Monday, 15 June 2020

Taking down statues isn't the answer

It’s understandable that protesters for the Black Lives Matter movement have wanted to take down statues that represent reprehensible history.

But removing the statues won’t delete what happened.

The problem is not so much that the statues are there. The issue is that the statues celebrate wrongdoings of the past.

Even though previous generations – often the ones who erected the statues in the first place – didn’t view things in the same way as we do now.

Taking down the statues is a lost opportunity, in my view. We should leave the statues in place, and provide a better, more honest explanation of the history they represent.

That way, more people can learn from history, and the long and tortuous journey humankind has taken to reach the point where we are now.


A new plaque, rather than an empty plinth, would in my view do much more to help people today understand the wrongdoings of yesterday.

I expect many supporters of Black Lives Matter – and I am certainly one of them – would endorse such an idea.

In fact, a proposal for a different plaque for the Bristol statue of 17th Century MP and slave trader, Edward Colston, was put forward, but rejected.

I only support strictly democratic means to achieve change. But it’s a true maxim that those who continuously make peaceful change impossible, will often make violent change inevitable.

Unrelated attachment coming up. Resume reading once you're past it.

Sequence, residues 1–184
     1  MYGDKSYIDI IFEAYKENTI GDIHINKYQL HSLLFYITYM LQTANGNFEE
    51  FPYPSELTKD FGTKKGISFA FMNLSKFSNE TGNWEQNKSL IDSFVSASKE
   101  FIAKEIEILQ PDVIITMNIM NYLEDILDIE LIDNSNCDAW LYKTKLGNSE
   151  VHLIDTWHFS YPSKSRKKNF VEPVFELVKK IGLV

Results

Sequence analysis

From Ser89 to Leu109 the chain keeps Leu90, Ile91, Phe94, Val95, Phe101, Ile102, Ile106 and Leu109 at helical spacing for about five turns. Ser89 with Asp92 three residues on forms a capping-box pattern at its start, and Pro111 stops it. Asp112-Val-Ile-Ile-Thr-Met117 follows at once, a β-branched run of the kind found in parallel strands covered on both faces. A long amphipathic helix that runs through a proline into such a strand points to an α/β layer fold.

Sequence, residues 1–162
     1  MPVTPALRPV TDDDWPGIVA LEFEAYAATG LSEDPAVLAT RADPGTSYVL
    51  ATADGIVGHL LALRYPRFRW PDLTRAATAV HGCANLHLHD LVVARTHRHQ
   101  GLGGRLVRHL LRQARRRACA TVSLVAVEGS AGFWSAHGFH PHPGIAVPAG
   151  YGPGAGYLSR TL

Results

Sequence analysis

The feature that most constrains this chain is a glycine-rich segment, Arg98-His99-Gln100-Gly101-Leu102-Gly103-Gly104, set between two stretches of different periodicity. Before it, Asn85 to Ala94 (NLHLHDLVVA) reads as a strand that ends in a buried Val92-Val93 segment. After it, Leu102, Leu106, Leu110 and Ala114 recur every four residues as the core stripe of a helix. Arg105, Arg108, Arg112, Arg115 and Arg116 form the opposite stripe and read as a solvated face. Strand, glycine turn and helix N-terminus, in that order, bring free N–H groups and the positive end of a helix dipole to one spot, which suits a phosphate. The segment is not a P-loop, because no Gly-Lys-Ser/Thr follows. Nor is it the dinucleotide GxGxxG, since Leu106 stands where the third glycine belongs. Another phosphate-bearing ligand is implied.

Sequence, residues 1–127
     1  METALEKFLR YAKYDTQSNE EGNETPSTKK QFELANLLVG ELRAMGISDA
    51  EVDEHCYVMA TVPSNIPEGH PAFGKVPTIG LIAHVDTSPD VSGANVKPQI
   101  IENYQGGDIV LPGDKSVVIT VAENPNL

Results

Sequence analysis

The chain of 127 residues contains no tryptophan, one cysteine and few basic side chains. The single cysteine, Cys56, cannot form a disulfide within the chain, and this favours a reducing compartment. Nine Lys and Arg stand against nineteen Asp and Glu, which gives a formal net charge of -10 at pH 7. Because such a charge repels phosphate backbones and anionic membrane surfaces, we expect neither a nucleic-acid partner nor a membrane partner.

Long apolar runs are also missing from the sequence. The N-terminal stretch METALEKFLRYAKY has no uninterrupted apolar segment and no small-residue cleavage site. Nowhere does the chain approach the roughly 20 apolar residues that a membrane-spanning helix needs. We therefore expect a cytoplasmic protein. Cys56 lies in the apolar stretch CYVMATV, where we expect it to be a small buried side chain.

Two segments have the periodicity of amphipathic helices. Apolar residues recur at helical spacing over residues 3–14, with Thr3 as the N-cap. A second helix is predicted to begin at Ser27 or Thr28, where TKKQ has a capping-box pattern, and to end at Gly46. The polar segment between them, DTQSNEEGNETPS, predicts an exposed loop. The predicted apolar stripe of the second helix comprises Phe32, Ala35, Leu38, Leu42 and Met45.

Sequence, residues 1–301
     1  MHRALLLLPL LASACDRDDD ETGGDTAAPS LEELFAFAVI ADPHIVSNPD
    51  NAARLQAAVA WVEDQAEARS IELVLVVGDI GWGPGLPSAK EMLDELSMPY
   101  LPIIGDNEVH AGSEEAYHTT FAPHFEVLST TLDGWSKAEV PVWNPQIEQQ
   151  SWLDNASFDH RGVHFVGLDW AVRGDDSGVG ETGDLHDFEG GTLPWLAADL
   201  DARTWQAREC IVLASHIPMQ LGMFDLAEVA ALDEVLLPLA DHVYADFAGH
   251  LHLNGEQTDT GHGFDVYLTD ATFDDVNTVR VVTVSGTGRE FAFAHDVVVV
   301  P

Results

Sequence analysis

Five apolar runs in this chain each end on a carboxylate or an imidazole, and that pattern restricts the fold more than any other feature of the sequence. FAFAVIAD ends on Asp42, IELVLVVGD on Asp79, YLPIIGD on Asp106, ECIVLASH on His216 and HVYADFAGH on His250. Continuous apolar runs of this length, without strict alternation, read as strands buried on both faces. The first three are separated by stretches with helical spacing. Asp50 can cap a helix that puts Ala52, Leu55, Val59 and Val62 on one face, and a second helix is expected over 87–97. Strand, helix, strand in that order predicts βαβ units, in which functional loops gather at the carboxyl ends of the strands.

Not acknowledging the dastardly deeds of historical figures – with pasts that can directly impact on people’s present lives – is bound to lead to a simmering anger that will eventually implode.

Far better to take the heat away from that simmering anger, than put a lid on top of it in the hope it will just go away.

It won’t.


We are all the products of the past.

More fully understanding that can help us to reach a more mature realisation of how we’ve ended up where we are now – a society that still largely favours today’s descendants of past generations that became rich through plundering, exploitation and enslavement.

Humanity is complicated. Good people can do bad things. Bad people can do good things. Often, bad people do good things in an attempt to hide their bad things.